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Why trust is the cornerstone of news philanthropy

December 21, 2023

By Lisa Gardner-Springer

In this season centered on giving and connections with family and friends, I’ve been reflecting more on trust. Trust bonds people to each other, and people to the institutions that are fundamental to a functioning and thriving society. It is the sine qua non of both journalism and fundraising, where my professional life has intersected for 20+ years.

Over the past decades, our trust in each other and our institutions has been crumbling, and our increasing polarization isn’t helping matters. The share of partisans who view those who identify with the opposing party as immoral, dishonest and unintelligent has dramatically risen. Since 1979, Gallup has been looking at how much Americans trust major institutions. In that first survey, 49% of Americans expressed a great deal or quite a lot of confidence in nine cornerstone institutions; 44 years later that figure is 26%. In case you’re wondering, trust in newspapers is at 18%, up from an all time low of 16% in 2022.

In the professional world I inhabit as a fundraiser, trust in nonprofits and philanthropy is better than many institutions — looking at you Congress, with your 8% Gallup trust rating — but is still on shaky ground. Just over half (52%) of Americans say they trust nonprofits to do what is right today, down from 56% in 2022, and trust in philanthropy is at 34%.

At INN Days 2023, INN members Derrick Cain (Resolve Philly), Jingyao Yu (Resolve Philly) and Wendi Thomas (MLK50) shared how their news organizations build community trust and weave listening into their reporting. Photo by Will Allen-DuPraw

And all this is before we even dip into AI, fake news or the scourge of dis-and mis-information. That’s a whole essay or two unto itself.

In this context, where people cast wary eyes at each other and the institutions that undergird a healthy and vibrant democracy, the hundreds of INN Network nonprofit news organizations across the country are following an adage coined by Ray Bradbury: “Journalism keeps you planted in the earth.”

These news organizations work every day to better connect to and rebuild trust within their communities. They are covering what matters to their communities, holding elected officials and powerful corporate interests to account, and listening to their audiences to iterate and evolve their reporting.

And don’t just take my word for it — check the data.

As one point of evidence that INN has followed for years: INN member news organizations have an astonishing 90% survival rate past the startup phase. In contrast, approximately 30% of startups with venture backing end up failing. This is a testament to not just the news outlets’ growing fundraising prowess but their ability to expand and deepen their ties to their audiences and communities. Simply put, their audiences trust them.

In our latest deep dive into diversity, equity and inclusion in the INN Index DEI Report, the racial and ethnic composition of personnel in the nonprofit news sector is largely similar to the U.S. and seems to be more diverse than other parts of the news industry (based on admittedly sparse demographic studies of the commercial news industry). Better representation strengthens trust. In a recent Pew study, 63% of Black Americans say that Black people are covered more negatively than people in other racial and ethnic groups. Among the respondents’ solutions to redress this: hiring more Black people as newsroom leaders and as journalists. Nonprofit news outlets are ahead of the curve in this way.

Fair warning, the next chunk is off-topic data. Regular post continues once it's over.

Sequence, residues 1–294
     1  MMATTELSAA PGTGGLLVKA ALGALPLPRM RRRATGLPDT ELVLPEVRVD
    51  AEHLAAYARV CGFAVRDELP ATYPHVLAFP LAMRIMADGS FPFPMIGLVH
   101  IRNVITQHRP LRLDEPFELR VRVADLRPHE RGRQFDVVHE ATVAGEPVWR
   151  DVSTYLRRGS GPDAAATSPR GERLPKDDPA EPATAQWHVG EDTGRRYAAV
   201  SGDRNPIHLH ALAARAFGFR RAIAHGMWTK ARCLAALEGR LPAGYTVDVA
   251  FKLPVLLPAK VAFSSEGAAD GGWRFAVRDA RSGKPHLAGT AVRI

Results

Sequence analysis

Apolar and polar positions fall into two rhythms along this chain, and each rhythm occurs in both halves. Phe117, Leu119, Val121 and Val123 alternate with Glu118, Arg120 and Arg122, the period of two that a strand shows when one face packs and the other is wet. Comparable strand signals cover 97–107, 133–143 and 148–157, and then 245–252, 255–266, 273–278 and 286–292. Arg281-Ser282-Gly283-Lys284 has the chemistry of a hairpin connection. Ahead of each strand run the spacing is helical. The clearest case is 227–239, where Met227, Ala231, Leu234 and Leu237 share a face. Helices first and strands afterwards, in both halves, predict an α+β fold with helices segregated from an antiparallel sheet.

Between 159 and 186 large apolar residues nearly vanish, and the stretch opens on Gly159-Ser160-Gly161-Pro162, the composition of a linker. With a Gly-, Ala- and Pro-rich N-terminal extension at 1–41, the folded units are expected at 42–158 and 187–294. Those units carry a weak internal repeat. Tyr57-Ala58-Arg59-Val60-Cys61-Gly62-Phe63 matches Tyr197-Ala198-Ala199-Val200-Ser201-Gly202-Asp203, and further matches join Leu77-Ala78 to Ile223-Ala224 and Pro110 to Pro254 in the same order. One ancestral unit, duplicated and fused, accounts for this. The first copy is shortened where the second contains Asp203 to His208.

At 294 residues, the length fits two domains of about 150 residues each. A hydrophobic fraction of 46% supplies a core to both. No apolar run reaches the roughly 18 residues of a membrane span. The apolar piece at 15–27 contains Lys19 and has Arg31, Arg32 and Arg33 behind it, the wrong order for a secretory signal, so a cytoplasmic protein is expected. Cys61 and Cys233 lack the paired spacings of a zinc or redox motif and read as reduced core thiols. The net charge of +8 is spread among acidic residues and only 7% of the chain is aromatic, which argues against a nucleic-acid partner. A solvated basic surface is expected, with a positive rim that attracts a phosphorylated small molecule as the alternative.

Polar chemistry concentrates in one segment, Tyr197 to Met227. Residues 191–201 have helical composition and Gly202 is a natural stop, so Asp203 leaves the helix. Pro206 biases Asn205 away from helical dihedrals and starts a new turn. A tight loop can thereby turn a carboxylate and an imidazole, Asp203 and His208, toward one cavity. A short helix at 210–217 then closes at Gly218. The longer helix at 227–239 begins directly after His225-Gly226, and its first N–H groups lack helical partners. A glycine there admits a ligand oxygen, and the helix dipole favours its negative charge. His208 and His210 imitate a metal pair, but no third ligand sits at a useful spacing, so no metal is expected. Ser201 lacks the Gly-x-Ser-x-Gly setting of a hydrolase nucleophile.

INN’s same DEI study unearths a key element of where trust needs to improve, especially between funders and news outlets run by leaders who are Black, Indigenous or people of color (BIPOC). The good news: BIPOC led outlets are receiving about the same amount of foundation funding as their white-led counterparts. The bad news: BIPOC led outlets receive more restricted/project grants than their white-led outlets. Why does this matter? Restricted grants are just that: the funds need to be spent on specific positions or expenses related to a project rather than to be responsive to what the organization needs at the moment. The reporting requirements also tend to be more onerous, as an outlet has to specify narratively and financially how the funds are spent on that project. Given how much a news organization should be responsive to their community, these kinds of funds often mean outlets have to contort their work to fit the funder.

Trust isn’t a set-it-and-forget-it proposition. It needs constant tending. This is why development professionals never take our longstanding relationships with our donors or funders for granted. Nor should funders and donors take their relationships with their nonprofit grantees for granted either. For institutional funders, how might you improve your trust with your grantees? How can you lessen the administrative burden in your grant request and reporting requirements? How can you offer them what they need most — stability, flexibility, generosity?

(If you are looking for answers to these questions and more, Vu Le — one of the most provocative, irreverent and humorous experts on the relationship between the broader nonprofit sector and philanthropy — has a few ideas.)

Trust is both a verb and a noun — an action and a conviction. At INN, we are constantly iterating on our programs for members so that they can focus on building trust with their communities above and beyond creating original, fact-based journalism. Here, at the intersection of journalism and philanthropy, we are providing news as a public service. And that’s one reason to be optimistic about our democracy.

This post was originally published on Medium.

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